From the King Tut Vintage Album and Cassette Museum of Jacksonville facebook page
Gurf Morlix is an artist whose songwriting, arrangements, and execution seem to get stronger with each album; quite an impressive feat since Gurf’s albums, for years, have been at such a high bar. IMPOSSIBLE BLUE is distinctive among Gurf’s recent albums because as strong as the prior albums are, this record probably contains the strongest song sequence of his records. In addition, Gurf is joined on this album by veteran keyboard player, Red Young, long-time drummer, Rick Richards, and Austin singer-songwriter Jaimee Harris on harmony vocals. Together, they create a tight, organic sound where each player pushes the overall sound further than it might otherwise be. Gurf and Young, in particular, have a chemistry on this album on guitar and organ, respectively, that really add to the strength and feel of these tunes.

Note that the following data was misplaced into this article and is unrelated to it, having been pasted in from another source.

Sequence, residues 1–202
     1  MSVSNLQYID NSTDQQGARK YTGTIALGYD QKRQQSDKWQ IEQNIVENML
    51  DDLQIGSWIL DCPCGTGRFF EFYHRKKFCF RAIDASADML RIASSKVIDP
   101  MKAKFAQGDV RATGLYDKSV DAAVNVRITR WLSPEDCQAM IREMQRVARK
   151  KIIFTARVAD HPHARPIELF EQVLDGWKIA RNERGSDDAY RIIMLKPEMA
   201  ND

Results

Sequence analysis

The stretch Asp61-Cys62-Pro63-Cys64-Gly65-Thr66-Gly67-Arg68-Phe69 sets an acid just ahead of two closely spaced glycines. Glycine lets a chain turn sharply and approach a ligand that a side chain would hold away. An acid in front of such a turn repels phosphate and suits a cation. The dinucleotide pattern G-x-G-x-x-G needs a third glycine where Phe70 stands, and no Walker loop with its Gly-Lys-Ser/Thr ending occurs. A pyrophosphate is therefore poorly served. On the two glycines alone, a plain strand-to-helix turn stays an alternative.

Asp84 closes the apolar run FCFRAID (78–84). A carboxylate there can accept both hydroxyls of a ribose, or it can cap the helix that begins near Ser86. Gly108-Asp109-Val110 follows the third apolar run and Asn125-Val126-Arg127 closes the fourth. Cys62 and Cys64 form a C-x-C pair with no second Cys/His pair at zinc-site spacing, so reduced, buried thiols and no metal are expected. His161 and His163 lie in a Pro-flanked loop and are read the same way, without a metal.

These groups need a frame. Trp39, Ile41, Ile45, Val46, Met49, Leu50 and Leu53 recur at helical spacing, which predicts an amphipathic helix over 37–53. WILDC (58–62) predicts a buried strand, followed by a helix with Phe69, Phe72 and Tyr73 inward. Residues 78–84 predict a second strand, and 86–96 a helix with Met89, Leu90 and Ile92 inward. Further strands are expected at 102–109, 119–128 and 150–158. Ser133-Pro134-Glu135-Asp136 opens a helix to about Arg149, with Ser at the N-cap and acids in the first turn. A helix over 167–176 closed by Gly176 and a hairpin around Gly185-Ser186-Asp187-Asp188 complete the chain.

There are multiple songs on this album that deliver knockout punches. A case in point is “2 Hearts Beating in Time”. https://www.youtube.com/watch?v=Of0BDK1vrag This song has a laid back but hypnotic vibe, powered by Rick Richard’s heartbeat-like drumming and Gurf’s unique guitar work. At its core, the song is about realizing that time is precious and making the most out of it, by doing something important: lying next to and breathing with someone you love. Pretty simple, but there’s magic in this song and somehow the feeling of life affirming, mystical shared breathing is captured in the lyric and music of this song. Another stand out song from the fist half of the album is “I’m a Ghost”. https://www.youtube.com/watch?v=XIiIEvpZDDo There’s some-thing about the sound of this song that’s really interesting; the song’s meter is slow, but Gurf and Rick Richards play subtle staccato notes/fills in the verses that almost emulate a string section. Lyrically, there’s a relationship that didn’t work out and the singer is no longer in the picture, and hence, is like a ghost. There’s talk of a crime scene and detective’s detecting without having clues. But you’re not sure if these are metaphors or real. The song is in a minor key with a really strong chorus, augmented by Jaimee Harris’ wonderful vocal harmonies: “Here stands a prisoner who committed no crime. There sits a judge wasting time. I can’t say nothin’, I can’t appear. I’m a ghost and I was never here.” There’s another song toward the end of the album, “I Saw You”, which also talks about a relationship which is over and a potential crime scene and a bullet. But again, you’re never sure if Gurf is talking metaphorically or literally. Its possible that these two songs are linked conceptually. Musically, they’re both killers, with “I Saw You” being one of four stand-out songs on the second half of the album. Needless to say, after the reflective vibe running throughout Gurf’s last album, THE SOUL AND THE HEAL, it appears that the body count is back up a bit on this new album.